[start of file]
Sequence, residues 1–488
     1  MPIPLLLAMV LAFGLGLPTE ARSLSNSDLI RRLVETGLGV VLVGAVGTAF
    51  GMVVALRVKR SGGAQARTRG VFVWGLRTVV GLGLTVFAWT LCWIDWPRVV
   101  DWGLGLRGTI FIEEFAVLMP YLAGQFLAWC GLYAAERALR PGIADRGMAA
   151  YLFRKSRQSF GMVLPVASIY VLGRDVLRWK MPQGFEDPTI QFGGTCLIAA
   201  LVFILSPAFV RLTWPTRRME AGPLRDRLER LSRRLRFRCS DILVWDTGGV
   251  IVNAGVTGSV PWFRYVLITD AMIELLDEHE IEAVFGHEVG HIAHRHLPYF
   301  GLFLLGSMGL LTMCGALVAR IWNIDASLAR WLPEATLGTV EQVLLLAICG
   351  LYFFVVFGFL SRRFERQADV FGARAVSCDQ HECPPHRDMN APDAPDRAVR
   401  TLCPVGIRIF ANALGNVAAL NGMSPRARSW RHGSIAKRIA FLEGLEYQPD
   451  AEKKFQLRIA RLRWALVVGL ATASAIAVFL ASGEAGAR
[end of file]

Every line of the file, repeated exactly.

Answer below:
Sequence, residues 1–488
     1  MPIPLLLAMV LAFGLGLPTE ARSLSNSDLI RRLVETGLGV VLVGAVGTAF
    51  GMVVALRVKR SGGAQARTRG VFVWGLRTVV GLGLTVFAWT LCWIDWPRVV
   101  DWGLGLRGTI FIEEFAVLMP YLAGQFLAWC GLYAAERALR PGIADRGMAA
   151  YLFRKSRQSF GMVLPVASIY VLGRDVLRWK MPQGFEDPTI QFGGTCLIAA
   201  LVFILSPAFV RLTWPTRRME AGPLRDRLER LSRRLRFRCS DILVWDTGGV
   251  IVNAGVTGSV PWFRYVLITD AMIELLDEHE IEAVFGHEVG HIAHRHLPYF
   301  GLFLLGSMGL LTMCGALVAR IWNIDASLAR WLPEATLGTV EQVLLLAICG
   351  LYFFVVFGFL SRRFERQADV FGARAVSCDQ HECPPHRDMN APDAPDRAVR
   401  TLCPVGIRIF ANALGNVAAL NGMSPRARSW RHGSIAKRIA FLEGLEYQPD
   451  AEKKFQLRIA RLRWALVVGL ATASAIAVFL ASGEAGAR